About 21 percent of married men and women in Taiwan aged 35 to 54 still live with their parents, even though they are financially independent, according to statistics released by the Ministry of the Interior on Wednesday.
Over 1.06 million married people in the age bracket still live with their parents, said the ministry, which published the statistics for the first time as a reference for local governments in devising housing policies that better meet the needs of their constituents.
People falling in the group are described by the ministry as "having the potential to live independently" because they are seen as being financially independent from their parents and able to make a living and support a family.
The ministry found that the percentage of married people living with their parents tended to be higher in rural areas than in urban areas.
In Taiwan's six major metropolitan areas (Taipei, New Taipei, Taoyuan, Taichung, Tainan and Kaohsiung), 16 to 22 percent of married people aged 35 to 54, still lived with their parents, compared with 26 to 33 percent in more rural counties in central and southern Taiwan.
Fewer married people in urban areas live with their parents because they tend to value their independence more, the ministry said. They also have to deal with limited sizes of apartments that make it harder for extended families to live together, according to the ministry.
In contrast, many houses in more rural parts of central and southern Taiwan are multiple-floor townhouses that can accommodate more people. Although married couples live with their parents in the same building, they can still enjoy a degree of independence by having one floor of the house to themselves, the ministry said.
Among Taiwan's 22 cities and countries, outlying Kinmen County (33.79 percent) and Yunlin County (33.34 percent) and Chiayi County (32.74 percent) in southern Taiwan had the highest ratios of potentially independent married people still living with their parents, the ministry said.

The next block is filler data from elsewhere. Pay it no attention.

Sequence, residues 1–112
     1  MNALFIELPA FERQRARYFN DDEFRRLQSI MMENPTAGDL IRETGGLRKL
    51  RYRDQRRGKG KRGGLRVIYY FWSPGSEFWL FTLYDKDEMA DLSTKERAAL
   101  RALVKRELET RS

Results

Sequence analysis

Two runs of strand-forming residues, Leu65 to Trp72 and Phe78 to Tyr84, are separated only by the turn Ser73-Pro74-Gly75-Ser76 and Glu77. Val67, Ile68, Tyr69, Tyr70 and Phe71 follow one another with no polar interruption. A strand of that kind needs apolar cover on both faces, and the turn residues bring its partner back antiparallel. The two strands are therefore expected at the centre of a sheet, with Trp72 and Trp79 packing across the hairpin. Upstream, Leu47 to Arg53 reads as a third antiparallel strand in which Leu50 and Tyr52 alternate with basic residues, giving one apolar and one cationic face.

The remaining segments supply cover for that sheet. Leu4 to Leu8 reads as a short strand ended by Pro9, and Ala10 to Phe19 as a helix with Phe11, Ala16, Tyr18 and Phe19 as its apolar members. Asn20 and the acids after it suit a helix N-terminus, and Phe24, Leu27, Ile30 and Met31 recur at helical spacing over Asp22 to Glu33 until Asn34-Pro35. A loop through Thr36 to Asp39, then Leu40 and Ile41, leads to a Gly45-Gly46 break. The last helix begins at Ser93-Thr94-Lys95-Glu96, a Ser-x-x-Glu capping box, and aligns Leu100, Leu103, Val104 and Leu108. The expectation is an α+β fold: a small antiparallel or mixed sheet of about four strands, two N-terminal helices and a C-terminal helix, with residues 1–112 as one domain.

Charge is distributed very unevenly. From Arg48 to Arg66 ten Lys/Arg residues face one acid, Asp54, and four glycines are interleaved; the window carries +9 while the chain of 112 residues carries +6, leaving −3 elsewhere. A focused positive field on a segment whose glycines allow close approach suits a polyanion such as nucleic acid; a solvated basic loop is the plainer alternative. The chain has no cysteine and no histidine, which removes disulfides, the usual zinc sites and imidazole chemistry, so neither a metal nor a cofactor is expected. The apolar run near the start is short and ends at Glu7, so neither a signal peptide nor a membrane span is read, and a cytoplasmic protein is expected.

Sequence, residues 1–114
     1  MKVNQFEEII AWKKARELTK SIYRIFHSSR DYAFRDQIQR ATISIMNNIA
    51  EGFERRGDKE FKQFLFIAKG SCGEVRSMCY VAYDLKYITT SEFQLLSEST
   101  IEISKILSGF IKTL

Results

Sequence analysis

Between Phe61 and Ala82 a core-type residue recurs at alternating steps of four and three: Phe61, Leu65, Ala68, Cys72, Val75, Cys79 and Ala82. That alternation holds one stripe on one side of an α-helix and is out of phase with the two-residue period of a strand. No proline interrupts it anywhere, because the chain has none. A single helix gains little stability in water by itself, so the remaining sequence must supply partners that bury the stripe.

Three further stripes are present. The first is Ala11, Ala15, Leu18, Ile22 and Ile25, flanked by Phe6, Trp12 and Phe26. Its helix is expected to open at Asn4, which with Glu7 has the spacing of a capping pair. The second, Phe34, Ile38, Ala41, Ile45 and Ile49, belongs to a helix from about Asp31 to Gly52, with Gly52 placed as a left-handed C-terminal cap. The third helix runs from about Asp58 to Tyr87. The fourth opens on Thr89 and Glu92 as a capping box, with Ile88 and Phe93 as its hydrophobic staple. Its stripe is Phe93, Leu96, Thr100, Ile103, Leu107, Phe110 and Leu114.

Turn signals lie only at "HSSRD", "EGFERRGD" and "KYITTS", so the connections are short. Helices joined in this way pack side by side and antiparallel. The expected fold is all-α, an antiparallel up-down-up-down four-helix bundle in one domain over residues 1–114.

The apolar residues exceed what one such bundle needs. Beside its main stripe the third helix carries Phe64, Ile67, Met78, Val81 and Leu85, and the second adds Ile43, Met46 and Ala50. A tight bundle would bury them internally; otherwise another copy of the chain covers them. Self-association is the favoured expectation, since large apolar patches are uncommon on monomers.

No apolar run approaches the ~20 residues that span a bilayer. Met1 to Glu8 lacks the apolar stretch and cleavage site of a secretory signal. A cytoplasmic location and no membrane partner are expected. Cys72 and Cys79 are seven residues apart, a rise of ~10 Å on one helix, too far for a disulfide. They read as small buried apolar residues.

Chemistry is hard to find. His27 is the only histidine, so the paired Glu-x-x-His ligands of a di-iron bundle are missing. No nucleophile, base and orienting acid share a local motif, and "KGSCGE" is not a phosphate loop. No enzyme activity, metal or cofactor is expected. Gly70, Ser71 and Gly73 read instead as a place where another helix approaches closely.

Keelung City (15.82 percent), Hsinchu City (15.96 percent) and New Taipei City (16.71 percent), all in northern Taiwan, had the lowest ratios, it said.
The ministry explained that in Yunlin and Chiayi counties -- where agriculture is the main source of income -- people tend to stay put to help cultivate their family's land, and it is also easier for married people to live with their parents to take care of them.
On the other hand, many natives of the port city of Keelung tend to move to bigger neighboring cities to find work and start their own families outside their original hometowns, the ministry said.
As for New Taipei, the city attracts many people from other parts of Taiwan to work and start families, also leading to a lower proportion of married people living with their parents, the ministry said.
Similarly, Hsinchu, home to one of Taiwan's biggest science parks, draws many young adults from around Taiwan to land a job at the park, and many of them settle in the area away from their parents, the ministry said.
Source: Focus Taiwan